Hetq Online, published by the Association of Investigative Journalists, notes of Tamrazyan and his spouse: While Tamrazyan declared a mere AMD 7.093 million ($14,700) in income, all in the form of wages, his cash holdings amounted to a whopping AMD 403.2 million, $750,000, and €800,000. Tamrazyan was appointed head of the Western Customs House Department last year. Vladimir’s wife, Rebeka Abrahamyan (daughter of former Armenian Prime Minister Hovik Abrahamyan) also has deep pockets. While Rebeka declared no revenue in 2017, she declared cash assets of AMD 700 million, $900,000, and €800,000. Taken together, the couple’s cash holdings amount to $5.9 million.664
While it would be unkind not to point out that the couple could indeed have quite legitimate sources of income and inheritances, that the Tamrazyans have acquired wealth equivalent to some 400 years of Vladimir’s salary is, really, quite remarkable.
Tamrazyan is not to be seen on this particular day.
Amid clouds of aftershave and scent so pungent it drowns out the sweet smell of my Turkish Coffee (renamed Armenian coffee here, Turkey is a taboo subject), I am treated to a translation of the conversation as it unfolds...
A trip to Barcelona... an expensive whore in Bahrain during F1 week... the frustration of waiting for a new Continental GT Speed Convertible...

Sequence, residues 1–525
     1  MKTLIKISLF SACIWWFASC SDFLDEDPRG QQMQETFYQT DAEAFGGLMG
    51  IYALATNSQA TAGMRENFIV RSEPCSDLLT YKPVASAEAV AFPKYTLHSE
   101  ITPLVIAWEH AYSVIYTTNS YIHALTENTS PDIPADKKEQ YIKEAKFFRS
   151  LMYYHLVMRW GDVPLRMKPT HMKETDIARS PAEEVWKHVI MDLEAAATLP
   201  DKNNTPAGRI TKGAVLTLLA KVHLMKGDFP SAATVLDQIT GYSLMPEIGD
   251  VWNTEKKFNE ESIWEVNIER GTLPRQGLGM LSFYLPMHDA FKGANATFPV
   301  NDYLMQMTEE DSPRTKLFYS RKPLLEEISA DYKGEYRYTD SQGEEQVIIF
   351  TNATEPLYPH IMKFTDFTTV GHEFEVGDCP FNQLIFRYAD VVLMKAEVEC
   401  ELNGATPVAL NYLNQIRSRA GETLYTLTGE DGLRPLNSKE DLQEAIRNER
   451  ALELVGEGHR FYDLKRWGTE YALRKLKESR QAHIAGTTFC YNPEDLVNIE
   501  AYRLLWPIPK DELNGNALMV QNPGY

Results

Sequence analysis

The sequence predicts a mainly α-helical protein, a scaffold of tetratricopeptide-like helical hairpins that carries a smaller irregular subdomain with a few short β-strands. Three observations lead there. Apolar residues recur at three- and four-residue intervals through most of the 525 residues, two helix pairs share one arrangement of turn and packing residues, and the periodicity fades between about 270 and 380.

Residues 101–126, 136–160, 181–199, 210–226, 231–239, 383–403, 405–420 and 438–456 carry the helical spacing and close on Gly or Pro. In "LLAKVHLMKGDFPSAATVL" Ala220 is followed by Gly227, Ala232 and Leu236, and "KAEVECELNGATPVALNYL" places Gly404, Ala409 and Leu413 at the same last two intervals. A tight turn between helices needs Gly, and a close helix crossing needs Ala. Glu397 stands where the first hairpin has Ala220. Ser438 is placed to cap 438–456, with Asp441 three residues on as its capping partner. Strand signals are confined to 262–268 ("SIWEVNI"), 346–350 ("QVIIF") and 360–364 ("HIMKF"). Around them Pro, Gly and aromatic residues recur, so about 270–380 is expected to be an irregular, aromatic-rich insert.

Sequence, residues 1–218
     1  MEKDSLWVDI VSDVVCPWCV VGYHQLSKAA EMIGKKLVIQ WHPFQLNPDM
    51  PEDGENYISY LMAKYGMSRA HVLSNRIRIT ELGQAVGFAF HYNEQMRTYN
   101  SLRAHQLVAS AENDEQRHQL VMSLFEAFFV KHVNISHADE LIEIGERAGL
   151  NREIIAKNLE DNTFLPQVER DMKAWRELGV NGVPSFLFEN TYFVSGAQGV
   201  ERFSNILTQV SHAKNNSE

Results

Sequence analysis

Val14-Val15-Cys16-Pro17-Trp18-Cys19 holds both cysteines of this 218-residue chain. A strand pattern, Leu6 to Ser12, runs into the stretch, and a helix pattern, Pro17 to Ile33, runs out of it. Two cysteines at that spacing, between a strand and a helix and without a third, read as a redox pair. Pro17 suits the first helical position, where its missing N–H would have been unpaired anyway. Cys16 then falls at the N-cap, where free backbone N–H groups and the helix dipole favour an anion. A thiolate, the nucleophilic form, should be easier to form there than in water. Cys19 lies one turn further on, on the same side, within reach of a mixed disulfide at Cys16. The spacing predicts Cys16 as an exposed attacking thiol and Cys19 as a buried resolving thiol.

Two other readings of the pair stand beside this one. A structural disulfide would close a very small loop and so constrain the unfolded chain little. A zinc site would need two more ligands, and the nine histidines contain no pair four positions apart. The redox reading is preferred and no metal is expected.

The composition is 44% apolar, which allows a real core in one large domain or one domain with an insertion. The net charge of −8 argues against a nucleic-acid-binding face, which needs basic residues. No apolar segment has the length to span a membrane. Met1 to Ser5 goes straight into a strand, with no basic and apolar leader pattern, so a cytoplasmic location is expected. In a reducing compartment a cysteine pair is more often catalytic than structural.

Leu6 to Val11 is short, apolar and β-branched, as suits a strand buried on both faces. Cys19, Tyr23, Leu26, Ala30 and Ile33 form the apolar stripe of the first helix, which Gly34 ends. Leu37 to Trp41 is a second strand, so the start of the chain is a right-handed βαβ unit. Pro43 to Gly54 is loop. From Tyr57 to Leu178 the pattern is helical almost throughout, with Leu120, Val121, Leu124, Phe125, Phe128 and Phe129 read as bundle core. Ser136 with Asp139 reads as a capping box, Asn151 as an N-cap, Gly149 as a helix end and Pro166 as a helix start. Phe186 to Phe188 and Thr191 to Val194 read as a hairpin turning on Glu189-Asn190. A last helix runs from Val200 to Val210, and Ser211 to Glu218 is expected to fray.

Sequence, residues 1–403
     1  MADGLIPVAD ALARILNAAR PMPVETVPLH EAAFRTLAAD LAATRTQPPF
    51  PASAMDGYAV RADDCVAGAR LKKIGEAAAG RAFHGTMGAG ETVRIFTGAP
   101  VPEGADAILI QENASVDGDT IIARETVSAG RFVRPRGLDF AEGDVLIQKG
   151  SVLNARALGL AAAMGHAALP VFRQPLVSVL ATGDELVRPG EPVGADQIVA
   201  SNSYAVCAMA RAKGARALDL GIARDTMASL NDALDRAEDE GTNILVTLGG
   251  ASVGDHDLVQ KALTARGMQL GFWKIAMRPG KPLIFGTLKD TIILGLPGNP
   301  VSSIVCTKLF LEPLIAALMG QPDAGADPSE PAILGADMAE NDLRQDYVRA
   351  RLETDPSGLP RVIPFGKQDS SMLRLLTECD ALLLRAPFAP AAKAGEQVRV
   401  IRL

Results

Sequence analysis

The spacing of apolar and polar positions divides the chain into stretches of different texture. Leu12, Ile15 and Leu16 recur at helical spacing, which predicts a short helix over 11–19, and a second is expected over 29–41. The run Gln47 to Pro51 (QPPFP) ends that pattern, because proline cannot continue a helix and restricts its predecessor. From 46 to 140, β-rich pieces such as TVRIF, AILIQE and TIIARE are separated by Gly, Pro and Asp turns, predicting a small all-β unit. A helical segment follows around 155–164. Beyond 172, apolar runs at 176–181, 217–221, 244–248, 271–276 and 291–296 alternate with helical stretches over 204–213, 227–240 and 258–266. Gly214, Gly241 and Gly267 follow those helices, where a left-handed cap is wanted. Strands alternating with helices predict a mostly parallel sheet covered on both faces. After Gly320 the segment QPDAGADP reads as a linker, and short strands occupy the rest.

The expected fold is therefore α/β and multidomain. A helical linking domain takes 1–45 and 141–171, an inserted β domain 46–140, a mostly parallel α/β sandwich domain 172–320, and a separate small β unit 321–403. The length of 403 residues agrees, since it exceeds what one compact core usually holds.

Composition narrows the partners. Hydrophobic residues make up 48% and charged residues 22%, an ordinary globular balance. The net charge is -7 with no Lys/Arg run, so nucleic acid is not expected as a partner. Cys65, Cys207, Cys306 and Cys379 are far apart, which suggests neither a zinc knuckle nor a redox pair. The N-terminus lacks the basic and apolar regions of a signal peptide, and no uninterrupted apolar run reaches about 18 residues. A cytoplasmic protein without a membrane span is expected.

Finally, conversation turns a little deeper and their voices drop an octave. The Eloi have business to attend to. It becomes a little hard for my friend and translator to pick out... but something is coming from Turkmenistan. This could obviously be a shipment of cotton fibre from Ashgabat, after all that is one of the Caspian nation’s biggest export earners, although quite why the foursomes would need to gather, out of the office, to discuss a shipment of cotton, in hushed tones, is perhaps less apparent.
We move on to another Eloi hotspot, Meeting Point Cafe on Republic Square itself. During my visits to Yerevan this has proven to be Eloi central.
Part of the Armenia Marriott Hotel, this particular outlet has generous outdoor seating and is a particular favourite for the well-heeled. Almost within reach of the Morlocks, separated by little more than flower boxes, the elite sip up their coffee and flaunt their assiduously collected clothing brands and accessories.